- Perfectionism: having high and often unrealistic expectations for yourself
- Fear of failure: being afraid of making mistakes or failing
- Trauma history: needing to be in complete control to feel safe
- Cultural and societal expectations: valuing success and achievement
- Personal beliefs and values: needing things to be done right or not at all
Know that an all-or-nothing mindset is not a character flaw or personal failing. Instead, it’s a thought pattern that has developed over years and can be changed with awareness and practice.
In one of my favorite behavior change books, Dr. Michelle Segar writes, “How we think about things determines how we see them, experience them, and ultimately determines our future related choices.”
When this comes to our ability to be flexible, it means that the more opportunities you are able to see in a challenging situation, the better choices you’re able to make.
By identifying the underlying causes and working to shift your thinking patterns, you can break free from this limiting mindset and create a more flexible and compassionate approach to life.
5 Strategies for Overcoming an All-or-Nothing Mindset
- Recognize and challenge rigid thinking patterns. Notice when the thoughts come up, pause, explore alternatives, and look for the opportunity. This mindfulness can help you stay present in the moment and be more aware of your thoughts and emotions.
- Practice self-compassion. When you make a mistake or experience a setback, it’s important to be kind and compassionate to yourself. Instead of beating yourself up, try speaking to yourself as you would a struggling friend. This can help you develop a more flexible and forgiving mindset.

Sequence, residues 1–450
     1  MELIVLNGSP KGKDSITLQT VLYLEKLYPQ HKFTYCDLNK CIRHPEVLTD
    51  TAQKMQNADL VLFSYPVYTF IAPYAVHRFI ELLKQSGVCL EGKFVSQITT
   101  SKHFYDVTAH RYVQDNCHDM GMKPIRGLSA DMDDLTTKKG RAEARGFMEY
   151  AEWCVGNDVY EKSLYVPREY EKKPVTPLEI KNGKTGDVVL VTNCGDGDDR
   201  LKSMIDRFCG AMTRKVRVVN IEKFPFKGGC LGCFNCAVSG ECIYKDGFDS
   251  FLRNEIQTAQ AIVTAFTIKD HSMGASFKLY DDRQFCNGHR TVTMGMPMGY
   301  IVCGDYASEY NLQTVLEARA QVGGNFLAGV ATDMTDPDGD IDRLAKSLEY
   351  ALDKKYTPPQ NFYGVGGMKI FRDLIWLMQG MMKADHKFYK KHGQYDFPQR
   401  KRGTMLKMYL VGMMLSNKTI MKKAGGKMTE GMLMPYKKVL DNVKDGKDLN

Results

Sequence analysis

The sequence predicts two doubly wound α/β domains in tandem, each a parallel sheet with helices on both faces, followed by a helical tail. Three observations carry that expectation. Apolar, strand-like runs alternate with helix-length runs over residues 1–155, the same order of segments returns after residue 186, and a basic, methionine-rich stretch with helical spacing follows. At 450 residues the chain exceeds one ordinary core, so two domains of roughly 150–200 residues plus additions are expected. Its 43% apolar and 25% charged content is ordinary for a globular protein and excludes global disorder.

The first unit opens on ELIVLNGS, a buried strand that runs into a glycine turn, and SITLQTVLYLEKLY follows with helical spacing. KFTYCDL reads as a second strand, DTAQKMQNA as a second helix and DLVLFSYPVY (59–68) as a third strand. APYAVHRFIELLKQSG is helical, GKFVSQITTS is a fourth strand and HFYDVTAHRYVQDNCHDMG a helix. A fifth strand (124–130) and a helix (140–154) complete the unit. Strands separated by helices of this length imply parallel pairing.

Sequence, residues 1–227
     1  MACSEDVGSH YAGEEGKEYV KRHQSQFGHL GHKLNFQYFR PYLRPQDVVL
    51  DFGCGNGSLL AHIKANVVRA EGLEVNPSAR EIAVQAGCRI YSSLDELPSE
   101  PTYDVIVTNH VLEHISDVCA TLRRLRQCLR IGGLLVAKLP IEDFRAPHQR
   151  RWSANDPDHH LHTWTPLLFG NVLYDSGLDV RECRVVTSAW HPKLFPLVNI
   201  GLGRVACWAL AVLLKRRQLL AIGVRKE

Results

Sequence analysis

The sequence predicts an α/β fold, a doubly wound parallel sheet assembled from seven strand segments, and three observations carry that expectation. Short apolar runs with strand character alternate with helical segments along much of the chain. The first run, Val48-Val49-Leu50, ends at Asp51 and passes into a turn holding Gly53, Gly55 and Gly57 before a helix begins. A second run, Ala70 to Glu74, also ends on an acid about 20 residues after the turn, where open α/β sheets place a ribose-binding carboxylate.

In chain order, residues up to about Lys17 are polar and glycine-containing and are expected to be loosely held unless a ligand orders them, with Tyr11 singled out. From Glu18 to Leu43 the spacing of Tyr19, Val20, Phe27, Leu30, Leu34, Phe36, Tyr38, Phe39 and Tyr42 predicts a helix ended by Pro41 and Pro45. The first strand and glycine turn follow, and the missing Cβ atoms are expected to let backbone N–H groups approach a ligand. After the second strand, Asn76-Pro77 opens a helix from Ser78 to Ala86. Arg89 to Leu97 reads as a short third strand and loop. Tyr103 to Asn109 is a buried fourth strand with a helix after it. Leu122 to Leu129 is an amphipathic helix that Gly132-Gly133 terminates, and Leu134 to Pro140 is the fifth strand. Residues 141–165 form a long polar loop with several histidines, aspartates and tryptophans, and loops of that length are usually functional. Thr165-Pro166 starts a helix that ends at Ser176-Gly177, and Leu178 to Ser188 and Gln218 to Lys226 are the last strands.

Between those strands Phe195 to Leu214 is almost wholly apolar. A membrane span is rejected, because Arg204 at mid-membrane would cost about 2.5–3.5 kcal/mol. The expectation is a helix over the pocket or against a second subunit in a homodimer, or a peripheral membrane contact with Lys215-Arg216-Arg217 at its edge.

- Set smaller, realistic goals: Instead of striving for unrealistic and perfectionistic goals, try setting actionable and achievable goals that build up to bigger accomplishments. This can help you build confidence and momentum, and avoid the cycle of starting over again and again, especially when you celebrate the small wins!
- Embrace flexibility and imperfection: Challenge yourself to find a middle ground and recognize that we’re all human and make mistakes. Instead of thinking in absolutes, try to embrace flexibility and openness to different outcomes.
- Seek support: It can be helpful to talk to a therapist or counselor who can help you work through the underlying causes of your all-or-nothing mindset. They can also provide guidance and support as you work to shift your thinking patterns.
It’s common to have an all-or-nothing mindset, especially when it comes to our personal health habits. Complex plans, rigid guidelines, and 30-day challenges have taught us that we are either in or out when it comes to wellness.
However, this type of thinking is limiting, inflexible, and unrealistic when it comes to actually taking care of ourselves. This is one of the reasons why it’s so hard to break the cycle of starting over again and again.
It’s not your fault if you struggle with these thought patterns. With a little extra mindfulness and prioritizing progress over perfection, you can absolutely create sustainable habits that support all aspects of your physical and mental health.
Breaking free from an all-or-nothing mindset takes time and practice. Be patient and kind to yourself as you work towards a more flexible and compassionate approach to life.